We’ve told you in a prior post about BrokerCheck, FINRA’s portal to background information concerning brokerage firms and their registered representatives. FINRA provides information on brokers who are currently registered with FINRA or who have been registered within the last 10 years. A free summary report is delivered immediately online and provides:
- A listing of the broker’s qualifications, including current registrations or licenses and industry exams that the broker has passed;
- A list of the broker’s previous employers for the past 10 years, both in and outside the securities industry, as reported by the broker; and,
- A review of the customer disputes or regulatory and disciplinary events noted on the broker’s record.
BrokerCheck is a good place to start. You might see that a broker’s a nomad who switches firms every couple of years. Maybe he’s so good he just kept getting better offers, but more likely it indicates he’s been a problem for his employers and probably his customers. You might see that a broker has one customer complaint in 20 years and it didn’t concern fraud. That one strike might not be a disqualifier. But if you see many more complaints, you’ll know you should probably run.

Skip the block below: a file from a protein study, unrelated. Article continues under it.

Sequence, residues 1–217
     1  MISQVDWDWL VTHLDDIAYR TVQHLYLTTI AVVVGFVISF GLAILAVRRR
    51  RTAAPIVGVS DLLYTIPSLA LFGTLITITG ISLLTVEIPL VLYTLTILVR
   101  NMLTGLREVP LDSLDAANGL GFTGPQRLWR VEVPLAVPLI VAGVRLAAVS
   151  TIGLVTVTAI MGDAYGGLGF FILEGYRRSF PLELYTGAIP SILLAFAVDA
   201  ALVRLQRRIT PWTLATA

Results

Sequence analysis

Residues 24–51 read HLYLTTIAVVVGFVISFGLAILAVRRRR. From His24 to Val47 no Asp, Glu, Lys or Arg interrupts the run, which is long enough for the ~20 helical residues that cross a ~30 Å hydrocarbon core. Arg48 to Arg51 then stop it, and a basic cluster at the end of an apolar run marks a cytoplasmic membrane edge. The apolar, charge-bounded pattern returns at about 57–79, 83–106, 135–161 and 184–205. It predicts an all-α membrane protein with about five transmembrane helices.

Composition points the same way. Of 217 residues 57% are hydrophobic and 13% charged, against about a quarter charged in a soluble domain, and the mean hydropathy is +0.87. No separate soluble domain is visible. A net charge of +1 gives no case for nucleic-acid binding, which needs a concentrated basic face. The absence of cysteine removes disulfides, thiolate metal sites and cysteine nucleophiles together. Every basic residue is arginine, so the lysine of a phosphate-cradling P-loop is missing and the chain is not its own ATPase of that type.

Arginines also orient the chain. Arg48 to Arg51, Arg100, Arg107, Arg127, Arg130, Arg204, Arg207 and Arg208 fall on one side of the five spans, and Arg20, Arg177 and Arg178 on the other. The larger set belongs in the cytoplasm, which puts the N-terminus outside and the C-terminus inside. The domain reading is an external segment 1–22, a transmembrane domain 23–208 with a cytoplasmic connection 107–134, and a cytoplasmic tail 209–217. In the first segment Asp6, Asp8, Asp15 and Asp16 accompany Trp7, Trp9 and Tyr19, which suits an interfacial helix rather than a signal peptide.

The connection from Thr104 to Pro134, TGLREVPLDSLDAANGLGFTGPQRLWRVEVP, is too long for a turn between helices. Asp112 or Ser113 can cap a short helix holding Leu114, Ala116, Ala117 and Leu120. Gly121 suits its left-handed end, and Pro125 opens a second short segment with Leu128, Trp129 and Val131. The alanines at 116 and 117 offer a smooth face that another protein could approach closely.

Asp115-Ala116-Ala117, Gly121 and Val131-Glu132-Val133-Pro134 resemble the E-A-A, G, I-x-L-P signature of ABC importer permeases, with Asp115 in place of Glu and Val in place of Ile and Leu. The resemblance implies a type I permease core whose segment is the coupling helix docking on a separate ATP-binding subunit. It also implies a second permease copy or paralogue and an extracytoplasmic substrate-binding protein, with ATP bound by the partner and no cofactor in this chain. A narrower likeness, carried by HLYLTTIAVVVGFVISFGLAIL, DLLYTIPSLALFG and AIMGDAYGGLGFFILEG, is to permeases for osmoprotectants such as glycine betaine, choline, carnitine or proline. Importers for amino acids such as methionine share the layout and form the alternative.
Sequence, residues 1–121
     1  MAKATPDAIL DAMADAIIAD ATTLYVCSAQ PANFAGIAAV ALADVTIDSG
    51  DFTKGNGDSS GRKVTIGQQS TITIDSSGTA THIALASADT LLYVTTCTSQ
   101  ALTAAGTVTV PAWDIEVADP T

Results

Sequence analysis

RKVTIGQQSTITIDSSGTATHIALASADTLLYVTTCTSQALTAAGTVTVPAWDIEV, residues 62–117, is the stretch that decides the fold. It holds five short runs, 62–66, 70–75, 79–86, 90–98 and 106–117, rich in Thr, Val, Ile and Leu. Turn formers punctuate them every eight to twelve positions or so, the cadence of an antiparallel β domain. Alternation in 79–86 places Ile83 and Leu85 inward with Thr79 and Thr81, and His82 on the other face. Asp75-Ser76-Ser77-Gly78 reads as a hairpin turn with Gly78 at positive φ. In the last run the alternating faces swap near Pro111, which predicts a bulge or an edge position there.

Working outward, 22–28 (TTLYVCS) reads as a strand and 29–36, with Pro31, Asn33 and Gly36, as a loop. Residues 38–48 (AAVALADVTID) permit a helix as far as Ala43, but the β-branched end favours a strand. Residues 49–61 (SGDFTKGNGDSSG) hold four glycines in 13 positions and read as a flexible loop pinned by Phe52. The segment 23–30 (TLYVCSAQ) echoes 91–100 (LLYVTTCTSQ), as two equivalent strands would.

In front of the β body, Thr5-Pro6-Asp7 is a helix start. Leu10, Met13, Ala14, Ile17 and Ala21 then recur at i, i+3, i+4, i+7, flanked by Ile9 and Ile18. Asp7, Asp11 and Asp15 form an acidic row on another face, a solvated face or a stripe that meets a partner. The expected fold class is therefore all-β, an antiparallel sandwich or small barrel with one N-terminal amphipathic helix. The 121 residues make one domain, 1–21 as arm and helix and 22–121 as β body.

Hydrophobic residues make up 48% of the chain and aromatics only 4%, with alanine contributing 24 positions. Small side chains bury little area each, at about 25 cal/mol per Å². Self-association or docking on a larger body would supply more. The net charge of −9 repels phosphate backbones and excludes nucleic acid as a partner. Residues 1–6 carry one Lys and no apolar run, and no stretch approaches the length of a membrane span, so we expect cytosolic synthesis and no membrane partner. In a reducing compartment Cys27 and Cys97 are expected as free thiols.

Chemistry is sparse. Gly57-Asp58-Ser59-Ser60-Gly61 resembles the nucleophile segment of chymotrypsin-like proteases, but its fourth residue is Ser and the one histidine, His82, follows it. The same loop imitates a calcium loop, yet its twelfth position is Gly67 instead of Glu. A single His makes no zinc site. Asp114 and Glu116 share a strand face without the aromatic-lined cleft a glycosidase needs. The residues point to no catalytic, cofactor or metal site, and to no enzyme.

Unfortunately, FINRA is pretty stingy when it comes to details. If you want to be reasonably sure that the person who’s handling your money isn’t a serial miscreant, you need to dig a little deeper.
We recommend that you contact the office of the securities regulator for your state of residence and ask for a complete CRD report on your broker. State regulators typically maintain the full CRD report, in contrast to the censored version available on BrokerCheck. You’ll get things like a longer chronological employment history and much more detailed information about complaints and court or disciplinary actions.